Solar power company CleanMax secures $10mln facility Thailand with a 3.5 MWp rooftop solar project
India-based commercial and industrial (C&I) solar power company CleanMax recently closed a $10 million facility with the Global Climate Partnership Fund (GCPF) to support its foray into Southeast Asia, starting with Thailand.
In the Middle East, CleanMax has a project portfolio of more than 30 megawatts (MW) with a regional office in Dubai.
In Thailand, the company said it would be implementing a 3.5 MWp rooftop solar project for the industrial facility of a multinational conglomerate.
“The project is at an advanced stage of construction and will be one of the largest rooftop solar projects in Thailand under the Power Purchase Agreement (PPA) model,” said Andrew Hines, Co-founder and Chief Commercial Officer, CleanMax in an interview with Zawya.
Under the energy sale or PPA model, the solar plant is owned by the developer, and the commercial/industrial client buys the power on a per-kWh basis.
Hines said global financiers like GCPF could play a significant role in providing debt financing for projects like the one in Thailand.
“A challenge in early-stage rooftop solar markets is that local banks may not be very familiar with such projects, and the loan size for an individual project is well below the threshold a bank would normally look at for an infrastructure project such as a power plant,” he explained.
Established by the German Federal Ministry for the Environment, Nature Conservation and Nuclear Safety (BMU) and KfW Entwicklungsbank as a PPP, GCPF is an investment company under Luxembourg law, providing financing for low-carbon projects in developing economies.
Thailand’s large base of creditworthy customers and a mostly untapped C&I solar market presents an excellent opportunity for the company to expand its footprint into Southeast Asia, according to Hines.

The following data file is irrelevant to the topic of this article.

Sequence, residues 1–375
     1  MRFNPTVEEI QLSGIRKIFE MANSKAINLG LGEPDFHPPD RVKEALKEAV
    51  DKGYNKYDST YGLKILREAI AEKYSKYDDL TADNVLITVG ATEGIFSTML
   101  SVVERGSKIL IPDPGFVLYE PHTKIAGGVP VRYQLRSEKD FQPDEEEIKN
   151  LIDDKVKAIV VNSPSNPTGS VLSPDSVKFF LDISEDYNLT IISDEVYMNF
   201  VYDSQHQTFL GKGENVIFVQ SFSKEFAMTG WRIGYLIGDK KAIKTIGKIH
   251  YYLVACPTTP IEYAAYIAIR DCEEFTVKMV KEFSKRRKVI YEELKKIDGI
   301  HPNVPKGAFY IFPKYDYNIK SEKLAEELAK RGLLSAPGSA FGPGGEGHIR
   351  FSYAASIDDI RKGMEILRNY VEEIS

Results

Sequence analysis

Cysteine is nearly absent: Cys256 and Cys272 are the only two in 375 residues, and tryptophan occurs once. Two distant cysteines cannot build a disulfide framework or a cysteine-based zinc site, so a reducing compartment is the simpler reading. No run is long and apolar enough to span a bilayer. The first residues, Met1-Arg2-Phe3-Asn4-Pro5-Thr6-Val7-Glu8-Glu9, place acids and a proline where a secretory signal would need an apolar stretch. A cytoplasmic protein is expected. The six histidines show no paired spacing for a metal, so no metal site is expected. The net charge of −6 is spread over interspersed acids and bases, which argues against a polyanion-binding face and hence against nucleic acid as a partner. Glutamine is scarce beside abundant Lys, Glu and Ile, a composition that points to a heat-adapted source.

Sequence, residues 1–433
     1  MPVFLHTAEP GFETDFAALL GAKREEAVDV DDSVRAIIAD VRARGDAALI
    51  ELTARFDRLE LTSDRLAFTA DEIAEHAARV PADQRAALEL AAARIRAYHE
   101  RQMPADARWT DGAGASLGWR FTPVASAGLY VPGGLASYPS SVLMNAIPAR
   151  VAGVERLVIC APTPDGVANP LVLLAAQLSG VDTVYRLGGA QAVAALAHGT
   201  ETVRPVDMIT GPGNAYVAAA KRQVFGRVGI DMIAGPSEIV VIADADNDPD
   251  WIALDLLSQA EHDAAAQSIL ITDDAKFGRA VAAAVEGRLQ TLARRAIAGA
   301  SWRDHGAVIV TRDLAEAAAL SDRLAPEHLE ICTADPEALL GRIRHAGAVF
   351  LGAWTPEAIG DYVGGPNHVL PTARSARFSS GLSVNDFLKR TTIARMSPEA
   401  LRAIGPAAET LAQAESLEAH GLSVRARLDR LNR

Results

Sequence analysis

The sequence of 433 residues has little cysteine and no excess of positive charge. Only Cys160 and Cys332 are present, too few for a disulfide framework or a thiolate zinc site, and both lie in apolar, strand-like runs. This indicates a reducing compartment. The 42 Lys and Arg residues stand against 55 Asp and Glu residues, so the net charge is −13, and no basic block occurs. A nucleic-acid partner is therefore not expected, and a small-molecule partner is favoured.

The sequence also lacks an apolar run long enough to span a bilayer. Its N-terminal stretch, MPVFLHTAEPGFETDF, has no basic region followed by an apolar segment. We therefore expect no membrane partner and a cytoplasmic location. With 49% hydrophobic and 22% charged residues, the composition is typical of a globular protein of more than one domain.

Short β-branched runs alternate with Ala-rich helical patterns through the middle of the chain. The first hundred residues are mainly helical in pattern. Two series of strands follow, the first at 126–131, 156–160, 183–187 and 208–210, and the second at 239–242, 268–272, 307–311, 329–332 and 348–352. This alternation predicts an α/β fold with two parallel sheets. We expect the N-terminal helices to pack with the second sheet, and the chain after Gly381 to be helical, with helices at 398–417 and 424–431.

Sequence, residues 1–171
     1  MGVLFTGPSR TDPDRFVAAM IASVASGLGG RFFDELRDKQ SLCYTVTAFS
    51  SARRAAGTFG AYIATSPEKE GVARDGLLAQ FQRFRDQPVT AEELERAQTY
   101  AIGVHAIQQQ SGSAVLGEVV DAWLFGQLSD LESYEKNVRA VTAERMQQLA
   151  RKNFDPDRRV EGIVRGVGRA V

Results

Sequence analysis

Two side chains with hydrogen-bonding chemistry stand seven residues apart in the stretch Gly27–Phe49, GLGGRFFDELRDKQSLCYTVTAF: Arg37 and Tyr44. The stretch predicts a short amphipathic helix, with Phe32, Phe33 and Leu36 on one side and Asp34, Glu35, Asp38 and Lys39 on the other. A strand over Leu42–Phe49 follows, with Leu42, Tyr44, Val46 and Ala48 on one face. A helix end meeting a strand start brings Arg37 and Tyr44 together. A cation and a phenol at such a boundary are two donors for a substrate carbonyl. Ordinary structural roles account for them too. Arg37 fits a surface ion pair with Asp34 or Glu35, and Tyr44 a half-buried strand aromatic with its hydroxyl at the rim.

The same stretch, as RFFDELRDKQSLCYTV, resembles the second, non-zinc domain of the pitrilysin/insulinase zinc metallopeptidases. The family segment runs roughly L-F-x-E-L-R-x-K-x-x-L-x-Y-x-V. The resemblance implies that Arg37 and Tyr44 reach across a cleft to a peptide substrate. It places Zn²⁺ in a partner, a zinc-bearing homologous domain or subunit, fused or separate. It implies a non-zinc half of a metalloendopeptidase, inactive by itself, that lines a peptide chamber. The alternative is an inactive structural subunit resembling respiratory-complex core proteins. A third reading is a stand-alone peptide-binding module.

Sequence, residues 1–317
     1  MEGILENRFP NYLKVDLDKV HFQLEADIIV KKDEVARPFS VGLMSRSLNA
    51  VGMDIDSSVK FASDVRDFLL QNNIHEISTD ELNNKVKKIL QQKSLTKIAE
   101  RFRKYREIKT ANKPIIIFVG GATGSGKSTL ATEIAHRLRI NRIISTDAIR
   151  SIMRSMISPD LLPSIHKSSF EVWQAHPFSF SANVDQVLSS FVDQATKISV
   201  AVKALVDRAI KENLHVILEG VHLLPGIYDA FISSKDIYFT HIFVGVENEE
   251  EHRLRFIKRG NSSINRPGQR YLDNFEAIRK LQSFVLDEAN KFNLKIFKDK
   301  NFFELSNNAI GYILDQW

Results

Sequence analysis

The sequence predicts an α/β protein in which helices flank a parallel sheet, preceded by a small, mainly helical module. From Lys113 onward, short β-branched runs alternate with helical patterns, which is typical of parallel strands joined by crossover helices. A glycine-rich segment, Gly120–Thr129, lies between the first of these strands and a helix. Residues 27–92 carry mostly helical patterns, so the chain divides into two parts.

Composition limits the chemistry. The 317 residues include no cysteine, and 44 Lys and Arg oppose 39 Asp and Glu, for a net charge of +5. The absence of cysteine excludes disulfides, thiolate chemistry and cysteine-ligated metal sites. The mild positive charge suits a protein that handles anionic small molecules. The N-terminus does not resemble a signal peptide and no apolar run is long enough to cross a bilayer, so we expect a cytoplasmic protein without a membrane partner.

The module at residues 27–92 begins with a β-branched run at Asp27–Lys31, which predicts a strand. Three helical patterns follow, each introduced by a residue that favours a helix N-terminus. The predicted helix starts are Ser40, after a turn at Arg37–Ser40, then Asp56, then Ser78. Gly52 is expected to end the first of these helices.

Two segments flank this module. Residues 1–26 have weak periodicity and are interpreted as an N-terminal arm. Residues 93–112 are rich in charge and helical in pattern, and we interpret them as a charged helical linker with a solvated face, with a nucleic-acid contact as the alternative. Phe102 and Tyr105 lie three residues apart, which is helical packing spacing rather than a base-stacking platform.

“We aim to be a leading player in each market in which we are present, which we have achieved in India, the UAE and now Thailand. So, while other southeast markets have good potential, we are currently focused on deepening our presence in Thailand,” he said, adding that the company would adhere to the PPA model for future projects in the country.
In Thailand, said Hines, grid tariffs are relatively high, and solar irradiation is good, meaning that “we can deliver solar power at a significant discount to grid tariff prices, making the proposition very attractive”.
“This is in addition to the environmental benefits, which are increasingly important to global corporates in particular,” he said.
While COVID-19 presents challenges to every industry, the CleanMax CCO said the pandemic hadn’t undermined the long-term impetus for renewable energy, which is based on two factors: first, an increased focus on addressing climate change; and second, the fact that renewable energy now the cheapest form of power generation in much of the world.
Though COVID-19 has upended construction activity everywhere in terms of material delivery and availability of workers, Hines pointed out that “the projects themselves remain very much viable.”
And while the pandemic may constitute a short-term hindrance to almost every industry, he argued that it could accelerate the global transition to renewable energy.
“This is primarily because the pandemic has exposed and exacerbated many of the risks in the fossil fuel industry, including oil and gas as well as coal power generation.”
He said there is a strong push worldwide on governments to direct post-pandemic stimulus investments towards projects enabling the transition to a sustainable and low-carbon economy.
CleanMax has so far developed and installed more than 600 MW of renewable energy (spread over 500 projects) across Asia, with another 200MW expected to be built over the next 12 months.
“We also look forward to continued growth in several Middle East markets, where we see a combination of corporate demand and government encouragement of renewable energy,” concluded Hines.